As he is today, in 1998 Binyamin Netanyahu was prime minister, and then as now there were prominent voices seeking to blame him for the absence of peace and every other terrible blight on the planet.
In 1998, the government invested a fortune in marking Israel’s 50th Independence Day.
The main official celebration was a massive affair called Jubilee Bells that took place at Teddy Stadium in Jerusalem. More than 2,000 performers participated. But rather than serve as an event that unified Israeli society in celebration of 50 years of sovereign freedom, the event exposed just how far Israel’s political and cultural elite were willing to go in attacking basic societal values.
The Bat Sheva Dance Troupe was scheduled to participate in the program and present a dance set to the traditional Passover song “Ehad mi yodea,” (Who knows one). The song contains 13 stanzas that praise God, praise Jewish law, and outline the Jewish life cycle. In the number Bat Sheva was scheduled to perform, the dancers come on stage dressed as ultra-Orthodox Jewish men and by the end of the song, all they are wearing is underwear.
The choreography enraged members of Netanyahu’s cabinet including education minister Yitzhak Levy. They insisted that the program shouldn’t contain material that insulted sectors of Israeli society. The organizers tried to forge a compromise. But the dancers chose to boycott the festival.
Israel’s cultural and media establishment expressed shock and horror at what they viewed as the government’s attempt to infringe on artistic freedom. The Association of Israeli Artists demanded that a public commission be formed to ensure that the government would be unable to interfere in artistic freedom in the future. Major cultural icons declared cultural war against religious Jews.
The question of whether the dance was appropriate for an official, state- financed celebration of Independence Day was never asked. So, too, no one asked whether a dance portraying ultra-Orthodox Jews moving sensuously to a traditional Jewish song while taking off their clothes reflected the values of society.
To understand the distance Israel has traveled since then, consider Tuesday night’s Memorial Day ceremony at Rabin Square in Tel Aviv. None of the performers attacked their fellow Israelis. And the best-received artist and song was Mosh Ben-Ari and his rendition of Psalm 121 – A Song of Ascent.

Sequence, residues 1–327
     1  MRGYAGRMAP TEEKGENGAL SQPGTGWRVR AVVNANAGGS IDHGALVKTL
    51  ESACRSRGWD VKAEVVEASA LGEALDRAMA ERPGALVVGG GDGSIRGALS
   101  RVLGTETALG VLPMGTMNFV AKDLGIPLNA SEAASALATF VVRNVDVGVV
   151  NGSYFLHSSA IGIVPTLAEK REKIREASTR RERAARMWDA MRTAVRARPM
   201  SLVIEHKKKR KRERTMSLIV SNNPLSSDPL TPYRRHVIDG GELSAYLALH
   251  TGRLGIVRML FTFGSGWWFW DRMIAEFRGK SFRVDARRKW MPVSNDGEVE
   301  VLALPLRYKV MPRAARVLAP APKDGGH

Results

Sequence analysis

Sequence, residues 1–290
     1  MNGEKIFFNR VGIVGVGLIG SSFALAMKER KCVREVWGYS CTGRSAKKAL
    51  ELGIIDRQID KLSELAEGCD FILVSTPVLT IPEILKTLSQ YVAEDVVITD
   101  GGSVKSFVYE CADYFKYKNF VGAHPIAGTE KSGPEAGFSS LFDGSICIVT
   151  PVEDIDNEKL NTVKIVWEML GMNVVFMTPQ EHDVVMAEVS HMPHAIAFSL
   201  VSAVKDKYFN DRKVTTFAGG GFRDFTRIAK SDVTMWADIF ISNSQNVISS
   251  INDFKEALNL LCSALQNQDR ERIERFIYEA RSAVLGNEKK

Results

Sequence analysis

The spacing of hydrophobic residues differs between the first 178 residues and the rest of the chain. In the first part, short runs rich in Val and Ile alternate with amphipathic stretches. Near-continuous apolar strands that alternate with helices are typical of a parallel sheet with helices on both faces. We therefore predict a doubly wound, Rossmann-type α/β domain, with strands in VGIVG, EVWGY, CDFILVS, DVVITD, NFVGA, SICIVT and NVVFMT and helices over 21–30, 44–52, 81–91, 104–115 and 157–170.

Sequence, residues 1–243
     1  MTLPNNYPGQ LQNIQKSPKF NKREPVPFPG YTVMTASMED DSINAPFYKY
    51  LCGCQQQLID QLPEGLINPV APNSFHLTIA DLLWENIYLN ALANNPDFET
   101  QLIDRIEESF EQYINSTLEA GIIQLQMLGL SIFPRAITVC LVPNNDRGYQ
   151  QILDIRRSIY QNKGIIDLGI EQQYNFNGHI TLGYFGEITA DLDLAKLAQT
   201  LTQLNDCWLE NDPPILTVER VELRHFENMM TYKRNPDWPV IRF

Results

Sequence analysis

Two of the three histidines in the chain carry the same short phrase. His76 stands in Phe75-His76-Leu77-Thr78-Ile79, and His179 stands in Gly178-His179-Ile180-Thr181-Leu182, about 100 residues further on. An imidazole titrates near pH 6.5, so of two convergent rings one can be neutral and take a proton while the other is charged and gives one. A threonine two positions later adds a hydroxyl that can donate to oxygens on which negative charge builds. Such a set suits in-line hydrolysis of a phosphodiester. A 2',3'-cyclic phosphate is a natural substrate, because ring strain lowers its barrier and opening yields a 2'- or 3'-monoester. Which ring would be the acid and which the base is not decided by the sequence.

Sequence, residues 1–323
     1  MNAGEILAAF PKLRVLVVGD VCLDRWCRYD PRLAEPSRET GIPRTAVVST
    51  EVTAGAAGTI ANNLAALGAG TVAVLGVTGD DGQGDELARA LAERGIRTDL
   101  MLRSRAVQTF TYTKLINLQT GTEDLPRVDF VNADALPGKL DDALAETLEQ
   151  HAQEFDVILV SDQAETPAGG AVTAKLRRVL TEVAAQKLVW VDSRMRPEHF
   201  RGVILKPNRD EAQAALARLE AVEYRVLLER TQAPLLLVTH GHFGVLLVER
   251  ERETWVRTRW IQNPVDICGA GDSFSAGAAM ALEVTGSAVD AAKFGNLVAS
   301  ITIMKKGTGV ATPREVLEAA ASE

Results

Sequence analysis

The psalm, which praises God as the eternal guardian of Israel, became the unofficial anthem of Operation Cast Lead in Gaza in 2008-2009. And Ben-Ari’s rendition of the song propelled the dreadlock bedecked, hoop earring wearing world music artist into super-stardom in Israel.
IT WAS impossible to imagine Pslam 121 or any other traditional Jewish poem or prayer being performed as anything other than an object of scorn in 1998. Back then, it would have been impossible to contemplate a crowd of tens of thousands of non-religious Israelis reverently singing along as Ben-Ari crooned, “My help is from God/ Maker of Heaven and Earth/ He will not allow your foot to falter/ Your Guardian will not slumber/ Behold he neither slumbers nor sleeps – the Guardian of Israel.”
It’s not that the crowd would have necessarily booed him off the stage. He simply never would have been allowed on the stage to begin with. The 1990s was the decade that launched Aviv Gefen, the most prominent secular draft-evader, to stardom.
In other words, Israel grew up. As for the Western world, Europe, the US, etc., not so much. We would still prefer the religious people dancing in their underwear, or maybe naked. We are still angry and unserious because we have never been tested. That’s me talking, not Ms. Glick. She goes on to explain why Israel took a different path from Obama worship, from the metrosexual (again, my word, my thought) male elite.